Pitt, University City Science Center Collaborate to Commercialize Prosthetic Alignment Tool

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The HD protractor measures alignment angles of the prosthesis. Photograph courtesy of Pitt.

The University of Pittsburgh (Pitt) Innovation Institute and the University City Science Center are collaborating to commercialize a Pitt-developed technology that improves the alignment of lower-limb prostheses. The technology, the HD protractor, is intended to be used by prosthetists during the alignment process to facilitate accurate fittings, thereby reducing physical discomfort and wear and tear from misalignments, additional clinical appointments, and the risk of patients modifying their own prostheses. The technology was developed by Goeran Fiedler, PhD, assistant professor in Pitt's School of Health and Rehabilitation Sciences, and former Pitt faculty member Jonathan Akins, PhD, who is now at Widener University.

The device consists of a compact housing that can be temporarily attached to any prosthesis pylon by a clip mechanism. Integrated sensors detect the position of the internal pyramid adapter component, which is translated into alignment angles for display. Future releases will allow the storage of pre-settings to support simple alignment changes by nonclinicians, and Wi-Fi connectivity for easier documentation and collection of clinical and research data. As a tool not subject to regulatory requirements typical for medical devices, the developers said the HD protractor could also be offered in international markets.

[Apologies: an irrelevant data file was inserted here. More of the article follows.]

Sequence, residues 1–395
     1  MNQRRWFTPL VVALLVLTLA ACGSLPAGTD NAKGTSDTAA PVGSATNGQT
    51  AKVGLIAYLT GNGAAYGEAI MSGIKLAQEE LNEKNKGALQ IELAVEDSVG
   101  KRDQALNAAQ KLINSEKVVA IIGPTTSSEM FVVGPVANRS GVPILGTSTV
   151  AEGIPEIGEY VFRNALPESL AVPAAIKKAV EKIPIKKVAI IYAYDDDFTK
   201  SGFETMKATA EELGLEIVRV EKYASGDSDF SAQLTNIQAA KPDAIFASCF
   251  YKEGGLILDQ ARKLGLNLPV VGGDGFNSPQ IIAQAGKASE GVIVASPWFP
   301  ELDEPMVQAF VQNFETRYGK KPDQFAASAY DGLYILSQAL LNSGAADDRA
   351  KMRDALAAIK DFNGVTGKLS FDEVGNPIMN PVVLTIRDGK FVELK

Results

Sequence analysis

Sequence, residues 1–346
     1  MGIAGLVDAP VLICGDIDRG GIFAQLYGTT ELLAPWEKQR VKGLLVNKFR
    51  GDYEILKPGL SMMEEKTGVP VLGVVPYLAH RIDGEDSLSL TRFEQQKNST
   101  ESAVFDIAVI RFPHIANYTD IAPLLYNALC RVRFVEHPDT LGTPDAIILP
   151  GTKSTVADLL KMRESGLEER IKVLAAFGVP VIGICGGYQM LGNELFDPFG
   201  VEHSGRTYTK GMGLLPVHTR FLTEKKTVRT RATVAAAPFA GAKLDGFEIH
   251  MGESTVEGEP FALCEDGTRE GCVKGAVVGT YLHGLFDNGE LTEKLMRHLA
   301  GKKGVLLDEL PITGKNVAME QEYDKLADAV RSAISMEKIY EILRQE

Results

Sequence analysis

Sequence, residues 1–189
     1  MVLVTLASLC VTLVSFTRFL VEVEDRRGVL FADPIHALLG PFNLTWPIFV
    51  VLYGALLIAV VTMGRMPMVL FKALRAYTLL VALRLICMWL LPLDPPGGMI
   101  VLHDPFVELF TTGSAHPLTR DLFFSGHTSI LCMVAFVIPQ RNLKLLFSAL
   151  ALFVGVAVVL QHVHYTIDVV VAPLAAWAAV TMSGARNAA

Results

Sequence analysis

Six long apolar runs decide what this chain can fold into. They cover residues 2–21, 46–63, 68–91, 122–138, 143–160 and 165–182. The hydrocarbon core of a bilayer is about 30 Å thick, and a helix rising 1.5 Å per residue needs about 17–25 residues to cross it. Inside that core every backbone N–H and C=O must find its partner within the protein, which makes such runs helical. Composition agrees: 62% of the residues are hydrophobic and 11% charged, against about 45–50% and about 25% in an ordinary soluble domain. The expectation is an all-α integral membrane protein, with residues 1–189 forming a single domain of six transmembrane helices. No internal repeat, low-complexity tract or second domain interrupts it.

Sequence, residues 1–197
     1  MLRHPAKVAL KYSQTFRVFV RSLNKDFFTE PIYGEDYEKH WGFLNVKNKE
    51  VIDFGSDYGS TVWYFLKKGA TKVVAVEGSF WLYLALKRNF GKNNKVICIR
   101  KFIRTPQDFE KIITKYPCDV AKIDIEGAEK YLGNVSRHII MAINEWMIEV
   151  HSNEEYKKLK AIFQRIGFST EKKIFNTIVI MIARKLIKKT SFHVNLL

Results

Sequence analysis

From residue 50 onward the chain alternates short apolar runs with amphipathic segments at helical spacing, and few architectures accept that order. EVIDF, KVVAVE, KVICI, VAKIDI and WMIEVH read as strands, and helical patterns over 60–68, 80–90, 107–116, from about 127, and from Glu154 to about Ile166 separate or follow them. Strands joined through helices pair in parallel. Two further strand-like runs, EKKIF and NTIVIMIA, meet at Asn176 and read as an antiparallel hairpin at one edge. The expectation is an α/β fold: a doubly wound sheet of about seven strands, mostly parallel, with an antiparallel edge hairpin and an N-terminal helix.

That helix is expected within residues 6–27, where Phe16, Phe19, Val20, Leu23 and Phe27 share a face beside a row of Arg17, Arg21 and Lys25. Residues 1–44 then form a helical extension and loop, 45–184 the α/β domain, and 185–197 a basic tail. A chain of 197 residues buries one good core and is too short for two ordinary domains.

The Science Center program is a startup accelerator that launches "long-horizon" technologies that typically require significant development or regulatory approvals, such as in healthcare, materials, or energy. The program matches university partners with experienced entrepreneurs to aid them through the commercialization process. The group has worked with the Pitt team to develop a commercialization plan and has provided assistance in applying for a federal Small Business Technology Transfer grant to further develop the technology. If the startup is successful in obtaining grants, the Science Center could choose to make additional investments or seek other investors or industry funding for the company.

Editor's note: This story was adapted from materials provided by Pitt.